Fraser Horton
Fraser Horton
Last Updated on December 15, 2021

The popularity of the cannabis plant has been consistently rising, and with the legalization of hemp, marijuana’s cousin, the hemp industry is having a renaissance. Ever since the 2018 Farm Bill legalized the use and production of hemp products, the hemp plant got its own respective seat at the table, and for a good reason. It’s not only useful for its stalks, seeds, and fiber, but it’s also abundant in CBD (cannabidiol), the therapeutic cannabinoid. 

Many farmers who used to grow traditional crops are seeing the potential and converting to hemp, but how profitable is it? In this article, we’ll talk about the profitability of hemp as well as how to become a successful hemp farmer.

What’s the Profitability of Growing Hemp?

The global industrial hemp market is currently growing – it’s projected to reach $36 billion by 2026, so no wonder everyone wants to hop on the train. However, your profit margins will largely depend on what purpose you’re cultivating your hemp crops for.

Grain

Currently, the price for hemp grain ranges between $0.60 and $0.65 per pound. Given that an acre of hemp crops produces 1000 pounds of hemp seeds per acre and the production cost is around $300 to $350, you can make somewhere between $250 and $300 per acre.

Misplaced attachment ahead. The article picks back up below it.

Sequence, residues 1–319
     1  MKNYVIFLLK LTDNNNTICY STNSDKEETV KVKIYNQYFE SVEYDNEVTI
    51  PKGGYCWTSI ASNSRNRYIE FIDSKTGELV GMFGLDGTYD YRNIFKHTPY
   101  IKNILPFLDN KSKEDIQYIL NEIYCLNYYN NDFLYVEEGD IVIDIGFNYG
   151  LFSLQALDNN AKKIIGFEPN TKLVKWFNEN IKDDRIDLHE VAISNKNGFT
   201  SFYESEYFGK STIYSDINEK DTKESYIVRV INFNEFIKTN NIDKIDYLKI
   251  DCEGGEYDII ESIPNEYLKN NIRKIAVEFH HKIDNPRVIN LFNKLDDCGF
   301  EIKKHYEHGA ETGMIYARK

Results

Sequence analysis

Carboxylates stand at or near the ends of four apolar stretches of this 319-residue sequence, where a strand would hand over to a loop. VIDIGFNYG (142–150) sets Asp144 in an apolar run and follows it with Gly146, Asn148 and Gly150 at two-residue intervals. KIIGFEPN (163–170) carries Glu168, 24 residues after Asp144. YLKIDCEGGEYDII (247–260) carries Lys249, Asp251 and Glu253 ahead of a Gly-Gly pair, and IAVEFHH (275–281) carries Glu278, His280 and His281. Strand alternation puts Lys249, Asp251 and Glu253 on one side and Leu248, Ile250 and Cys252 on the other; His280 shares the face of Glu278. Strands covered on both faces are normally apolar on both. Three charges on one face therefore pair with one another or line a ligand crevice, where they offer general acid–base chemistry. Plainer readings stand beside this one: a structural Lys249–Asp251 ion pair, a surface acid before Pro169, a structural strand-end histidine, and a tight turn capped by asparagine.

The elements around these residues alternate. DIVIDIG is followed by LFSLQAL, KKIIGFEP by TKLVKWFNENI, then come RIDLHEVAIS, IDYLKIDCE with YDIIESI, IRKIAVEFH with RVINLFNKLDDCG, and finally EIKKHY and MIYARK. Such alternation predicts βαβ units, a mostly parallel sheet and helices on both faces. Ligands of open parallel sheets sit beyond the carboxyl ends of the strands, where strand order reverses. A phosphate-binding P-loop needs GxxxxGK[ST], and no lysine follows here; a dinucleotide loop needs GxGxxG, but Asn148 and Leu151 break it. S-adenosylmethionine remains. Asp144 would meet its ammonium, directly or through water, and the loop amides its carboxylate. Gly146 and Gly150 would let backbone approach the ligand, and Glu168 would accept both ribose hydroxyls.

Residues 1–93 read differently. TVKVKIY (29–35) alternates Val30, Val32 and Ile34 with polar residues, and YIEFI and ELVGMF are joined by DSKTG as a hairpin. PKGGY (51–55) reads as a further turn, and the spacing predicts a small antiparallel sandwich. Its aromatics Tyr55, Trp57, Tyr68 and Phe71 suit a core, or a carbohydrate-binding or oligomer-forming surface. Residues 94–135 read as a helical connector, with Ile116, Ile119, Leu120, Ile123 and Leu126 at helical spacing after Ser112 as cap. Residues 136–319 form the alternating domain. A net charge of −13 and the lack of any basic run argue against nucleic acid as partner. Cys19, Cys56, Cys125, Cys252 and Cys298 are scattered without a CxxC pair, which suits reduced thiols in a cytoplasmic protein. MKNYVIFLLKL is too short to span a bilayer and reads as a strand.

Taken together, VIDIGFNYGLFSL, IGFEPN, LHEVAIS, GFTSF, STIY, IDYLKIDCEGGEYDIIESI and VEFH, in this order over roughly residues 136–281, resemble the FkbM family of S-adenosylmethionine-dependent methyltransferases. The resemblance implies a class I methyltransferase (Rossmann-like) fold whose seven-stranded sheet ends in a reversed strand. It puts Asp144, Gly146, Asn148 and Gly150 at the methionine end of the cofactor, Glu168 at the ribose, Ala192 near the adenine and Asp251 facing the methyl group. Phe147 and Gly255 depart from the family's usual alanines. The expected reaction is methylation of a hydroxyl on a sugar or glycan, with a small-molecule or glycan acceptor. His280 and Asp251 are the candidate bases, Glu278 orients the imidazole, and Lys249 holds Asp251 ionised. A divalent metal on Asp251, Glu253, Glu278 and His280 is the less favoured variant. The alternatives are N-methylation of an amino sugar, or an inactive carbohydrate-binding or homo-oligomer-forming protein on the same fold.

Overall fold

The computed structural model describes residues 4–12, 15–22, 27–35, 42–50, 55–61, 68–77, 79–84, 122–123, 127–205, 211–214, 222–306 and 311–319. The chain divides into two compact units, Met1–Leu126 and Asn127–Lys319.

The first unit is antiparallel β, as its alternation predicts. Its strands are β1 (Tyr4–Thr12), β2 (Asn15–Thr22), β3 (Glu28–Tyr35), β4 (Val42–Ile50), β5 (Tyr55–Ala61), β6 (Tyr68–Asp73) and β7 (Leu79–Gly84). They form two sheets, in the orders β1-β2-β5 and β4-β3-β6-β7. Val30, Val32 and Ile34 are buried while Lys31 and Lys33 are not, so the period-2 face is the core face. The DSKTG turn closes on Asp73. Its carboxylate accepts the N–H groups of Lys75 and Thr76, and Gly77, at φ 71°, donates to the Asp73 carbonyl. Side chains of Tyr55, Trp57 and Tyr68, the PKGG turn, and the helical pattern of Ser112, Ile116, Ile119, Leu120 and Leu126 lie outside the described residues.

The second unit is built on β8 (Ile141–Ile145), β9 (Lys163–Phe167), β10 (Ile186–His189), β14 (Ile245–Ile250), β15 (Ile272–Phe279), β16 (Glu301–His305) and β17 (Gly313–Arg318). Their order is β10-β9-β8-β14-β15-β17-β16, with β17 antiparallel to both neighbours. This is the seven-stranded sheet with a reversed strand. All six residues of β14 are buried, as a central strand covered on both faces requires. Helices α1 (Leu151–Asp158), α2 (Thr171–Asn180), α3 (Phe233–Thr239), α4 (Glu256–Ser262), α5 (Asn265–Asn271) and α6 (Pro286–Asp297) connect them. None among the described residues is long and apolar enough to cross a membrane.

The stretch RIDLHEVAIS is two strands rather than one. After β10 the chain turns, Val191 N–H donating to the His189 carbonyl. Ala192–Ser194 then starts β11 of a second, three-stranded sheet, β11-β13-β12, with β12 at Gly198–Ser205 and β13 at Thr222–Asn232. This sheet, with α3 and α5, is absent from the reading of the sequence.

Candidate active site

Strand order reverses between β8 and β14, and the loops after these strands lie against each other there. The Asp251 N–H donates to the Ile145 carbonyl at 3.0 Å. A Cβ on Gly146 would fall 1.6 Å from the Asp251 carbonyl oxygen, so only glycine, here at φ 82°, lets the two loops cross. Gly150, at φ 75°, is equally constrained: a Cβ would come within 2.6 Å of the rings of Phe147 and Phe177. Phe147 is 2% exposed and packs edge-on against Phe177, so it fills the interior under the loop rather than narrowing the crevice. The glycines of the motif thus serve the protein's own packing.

Fiber

An acre of hemp crops can produce a yield of roughly 2.5 to 3 tons of fiber. Hemp fiber goes for more or less $260 per ton, and the production costs are in the same range as the costs for hemp grain. Therefore, scrunching up the numbers would give us about $480 profit per acre. 

CBD Content

The CBD market is the most profitable one, estimated to reach $55 billion by 2028. CBD oil is a very popular product, but so are CBD edibles and isolates, as well as other CBD products. However, with growing CBD hemp, you can face many variables as many factors can alter the final CBD content of the crops (which will also influence the profit margins). That said, you can expect to earn anywhere between $2,500 and $75,000 per acre. If you make sure to maintain the levels of CBD high, then your hemp crops will inevitably be worth more.

How to Become a Profitable Industrial Hemp Farmer

Assuming you’ve already applied for your license and know all about the paperwork involved, let’s dig into the specifics of how you can grow hemp for profit.

Choose the Right Strain for Your Product

The hemp crop is highly sought after for its CBD content for the production of CBD products, such as CBD oil and edibles. However, as the value of hemp as an industrial crop comes to the forefront, hemp fibers are also a big thing. As you know, hemp had a myriad of uses in the past before it became illegal, and it’s now being put back in the spotlight.